Posts filed under ‘History of Schools Series’

Cultural Genocide and Education: The Story of the Carlisle Indian Industrial School

This is the second in our “History of Schools” Series. This is also an attempt that requires some editing.


After the famous battle of the Little Big Horn in 1876, the surrender of Geronimo in 1886, and the massacre at Wounded Knee in 1890, the so-called “Indian Wars” came to an end (Adams, 1997), (Marshall III, 2007). According to historian Howard Zinn, these events solidified nearly four-hundred years of European and Euro-American conquest and genocide against the original inhabitants of the North American continent (Zinn, 2005). Many Native Americans now faced a harsh and unknown way of living. For them, the reservation system was a new and almost completely controlled existence. Lakota Indian historian Joseph M. Marshall III writes that a “loss of dignity came on the heels of [the] loss of freedom” (Marshall III, 2007, page 140). For the Lakota, living on vast plains became an extinguished reality, and instead they were reduced to miniscule agencies where they were trapped and confined (Marshall III, 2007). All the while, the United States government continued to take lands from the natives and attempted to destroy their cultures, societies, and identities. This was the process of assimilation.

One of the most powerful tools for cultural genocide that the United States had in its arsenal was the school. Both on reservation schools and boarding schools served assimilation goals by targeting native children and attempting to turn them into, what Euro-Americans identified as, “civilized.” The school that started this all was the Carlisle Indian Industrial School in Pennsylvania, begun by Captain Richard Henry Pratt of the U.S. military. Supporters referred to this movement and its schools as a “noble experiment” to turn native children into mirrored images of the “white man.” This, they contested, was the only way that American Indians would be able to survive the “progress” of white expansion. They would either have to perish in its path or become assimilated into its borders (Adams, 1997).

This discussion will center on Carlisle and the role it played in founding the movement. We will also look in depth at both the history and philosophy of Pratt. Carlisle was his brainchild, and thus both the school itself and the movement it gave life to are intricately related to his actions and words. However, this dialogue will not center on a few topics that are sometimes discussed about Carlisle – including its football fame and celebrated athlete, Jim Thorpe. Instead, the intention here is to explore the use of education as a means of cultural destruction and replacement, and as a process of securing domination over American Indians. Nevertheless, as the Carlisle Indian Industrial School Research Pages expresses, “[i]t is our purpose to respectfully honor those students and their descendants who lived the experiment, to celebrate with those who prospered from it, and to grieve with those whose lives were diminished by it” (Landis, 1996). As we shall explore shortly, the legacy of Carlisle is a complex and intimidating one to comprehend. Yet, it is one we must attempt to familiarize ourselves with in order to understand the powerful role education has and can play as an instrument of oppression.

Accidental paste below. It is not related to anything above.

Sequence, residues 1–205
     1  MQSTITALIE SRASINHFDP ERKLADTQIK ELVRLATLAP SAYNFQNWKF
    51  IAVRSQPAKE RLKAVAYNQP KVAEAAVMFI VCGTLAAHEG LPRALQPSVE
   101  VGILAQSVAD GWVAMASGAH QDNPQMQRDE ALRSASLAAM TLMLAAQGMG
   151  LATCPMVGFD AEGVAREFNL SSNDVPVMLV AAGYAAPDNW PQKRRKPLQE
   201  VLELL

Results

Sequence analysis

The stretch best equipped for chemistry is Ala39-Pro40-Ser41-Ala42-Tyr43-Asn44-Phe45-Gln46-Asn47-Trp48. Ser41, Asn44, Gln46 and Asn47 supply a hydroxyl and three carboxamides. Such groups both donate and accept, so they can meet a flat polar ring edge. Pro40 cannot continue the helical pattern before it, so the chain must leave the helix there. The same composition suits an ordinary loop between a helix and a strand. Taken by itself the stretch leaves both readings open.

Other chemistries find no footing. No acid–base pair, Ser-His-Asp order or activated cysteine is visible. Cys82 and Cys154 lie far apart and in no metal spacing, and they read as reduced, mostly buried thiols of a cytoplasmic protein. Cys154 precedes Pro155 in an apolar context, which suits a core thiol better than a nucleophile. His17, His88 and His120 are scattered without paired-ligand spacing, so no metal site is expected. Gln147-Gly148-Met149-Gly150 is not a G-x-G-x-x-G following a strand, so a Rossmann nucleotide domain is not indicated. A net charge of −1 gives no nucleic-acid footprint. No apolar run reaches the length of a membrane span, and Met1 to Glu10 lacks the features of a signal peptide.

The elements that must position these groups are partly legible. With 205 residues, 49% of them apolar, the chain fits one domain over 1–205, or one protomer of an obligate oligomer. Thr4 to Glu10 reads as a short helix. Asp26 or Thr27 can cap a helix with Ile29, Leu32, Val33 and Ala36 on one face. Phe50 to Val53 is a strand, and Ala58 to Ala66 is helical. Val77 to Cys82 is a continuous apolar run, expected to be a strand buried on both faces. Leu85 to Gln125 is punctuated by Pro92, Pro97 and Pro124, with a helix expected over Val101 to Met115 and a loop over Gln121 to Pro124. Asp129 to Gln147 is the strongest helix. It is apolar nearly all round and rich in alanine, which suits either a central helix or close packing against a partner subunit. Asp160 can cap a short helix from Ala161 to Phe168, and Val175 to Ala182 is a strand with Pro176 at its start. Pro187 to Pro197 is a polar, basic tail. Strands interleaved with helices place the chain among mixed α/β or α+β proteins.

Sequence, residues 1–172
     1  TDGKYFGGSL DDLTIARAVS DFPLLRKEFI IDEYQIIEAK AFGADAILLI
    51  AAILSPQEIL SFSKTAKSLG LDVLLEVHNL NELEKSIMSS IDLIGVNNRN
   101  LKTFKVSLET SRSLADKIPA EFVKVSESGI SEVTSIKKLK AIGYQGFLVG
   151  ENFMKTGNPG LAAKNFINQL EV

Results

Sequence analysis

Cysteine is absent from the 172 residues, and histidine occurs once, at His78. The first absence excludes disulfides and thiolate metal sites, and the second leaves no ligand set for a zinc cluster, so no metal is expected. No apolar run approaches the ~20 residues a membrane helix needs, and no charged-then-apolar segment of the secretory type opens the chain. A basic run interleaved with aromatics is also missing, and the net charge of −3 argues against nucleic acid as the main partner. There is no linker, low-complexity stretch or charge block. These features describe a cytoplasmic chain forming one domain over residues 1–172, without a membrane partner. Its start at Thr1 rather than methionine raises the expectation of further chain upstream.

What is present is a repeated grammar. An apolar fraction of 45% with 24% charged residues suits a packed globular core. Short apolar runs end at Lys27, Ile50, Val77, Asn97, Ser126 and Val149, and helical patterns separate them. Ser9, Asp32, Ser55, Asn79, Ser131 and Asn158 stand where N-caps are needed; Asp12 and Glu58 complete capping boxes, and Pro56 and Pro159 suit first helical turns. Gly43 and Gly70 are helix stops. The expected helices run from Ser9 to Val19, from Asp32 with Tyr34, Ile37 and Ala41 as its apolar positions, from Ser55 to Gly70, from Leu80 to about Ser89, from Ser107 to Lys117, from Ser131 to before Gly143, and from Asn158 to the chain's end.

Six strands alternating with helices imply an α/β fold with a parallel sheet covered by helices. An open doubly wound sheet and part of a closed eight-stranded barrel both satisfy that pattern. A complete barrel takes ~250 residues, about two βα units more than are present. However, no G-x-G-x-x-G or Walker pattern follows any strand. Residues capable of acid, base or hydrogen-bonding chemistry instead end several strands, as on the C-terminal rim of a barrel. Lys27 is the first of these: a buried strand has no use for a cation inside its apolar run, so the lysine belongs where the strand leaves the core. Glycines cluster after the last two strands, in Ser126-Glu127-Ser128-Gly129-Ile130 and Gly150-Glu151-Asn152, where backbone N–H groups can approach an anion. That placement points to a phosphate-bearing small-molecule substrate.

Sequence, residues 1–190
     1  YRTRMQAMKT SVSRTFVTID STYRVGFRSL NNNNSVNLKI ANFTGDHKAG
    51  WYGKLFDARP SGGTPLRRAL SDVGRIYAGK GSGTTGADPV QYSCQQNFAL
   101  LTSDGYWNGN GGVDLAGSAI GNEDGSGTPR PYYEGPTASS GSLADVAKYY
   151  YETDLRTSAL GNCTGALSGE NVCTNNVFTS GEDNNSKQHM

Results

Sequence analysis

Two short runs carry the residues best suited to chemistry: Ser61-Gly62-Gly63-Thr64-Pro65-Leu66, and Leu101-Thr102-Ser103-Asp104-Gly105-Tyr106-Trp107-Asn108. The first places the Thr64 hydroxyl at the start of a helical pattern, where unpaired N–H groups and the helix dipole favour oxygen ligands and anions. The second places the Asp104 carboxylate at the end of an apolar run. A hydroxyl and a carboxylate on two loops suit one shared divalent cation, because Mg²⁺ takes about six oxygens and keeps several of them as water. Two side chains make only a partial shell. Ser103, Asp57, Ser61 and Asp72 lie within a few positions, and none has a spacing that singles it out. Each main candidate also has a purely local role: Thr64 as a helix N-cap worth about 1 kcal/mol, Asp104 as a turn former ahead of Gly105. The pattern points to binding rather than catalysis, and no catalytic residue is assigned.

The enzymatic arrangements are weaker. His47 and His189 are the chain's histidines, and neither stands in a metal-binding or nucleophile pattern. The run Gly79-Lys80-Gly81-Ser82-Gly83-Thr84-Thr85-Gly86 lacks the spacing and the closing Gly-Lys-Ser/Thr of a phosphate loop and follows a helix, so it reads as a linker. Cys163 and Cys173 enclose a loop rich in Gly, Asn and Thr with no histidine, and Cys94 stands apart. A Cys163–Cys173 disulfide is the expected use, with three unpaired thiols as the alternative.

November 14, 2008 at 6:19 pm 8 comments

Mass Education for Mass Production

By Brian Van Slyke

This is the first in our new series “History of Schools.” Please note, also, that this is a first attempt and it needs some editing.


The history of mass and forced schooling in the United States can speak a great deal to the current nature of our educational model. It can also help us understand the culture of work in this nation. Our contemporary structure of education prepares the vast majority of the country’s children for a specific form of work that mirrors the industries that arose during the late 1800’s and early 1900’s. Compulsory schooling’s legacy thus has much to teach us about our current society – and also where we can go from here.

Yet, when this topic is discussed, it is often dichotomized into a tail of heroes and villains, purely nefarious forces or people’s movements. In reality, as is the story of nearly all political, social, economic, and cultural histories; compulsory schooling was born out of a mixture of aims from different groups, movements, interested parties, and alliances. In the end, the alliance in favor of compulsory schooling was victorious. Resistance and non-compliance ensued; but the most powerful faction of the pro-compulsory schooling alliance, some of society’s elite citizenry and businesses, were able to effectively enforce the system and tailor it to their interests and goals. While humanitarian players were involved in the initial implementation of compulsory schooling, including anti-exploitative child labor concerns and labor unions, their struggles were usurped by the powerful and were instead used to create a mass population of diligent, obedient, and complacent workers and “Americanized” citizens.

It is therefore important to examine the driving factors behind compulsory schooling and its immediate aftermath. Such an exploration will allow us to exam what systems our current structure of education serves, how it came into being, and what lessons we can take away from these histories to help us work for a more just and equitable future.

This is the story of compulsory education.


October 24, 2008 at 3:13 am 4 comments


RSS Feed

Help Support Adventures in Free Schooling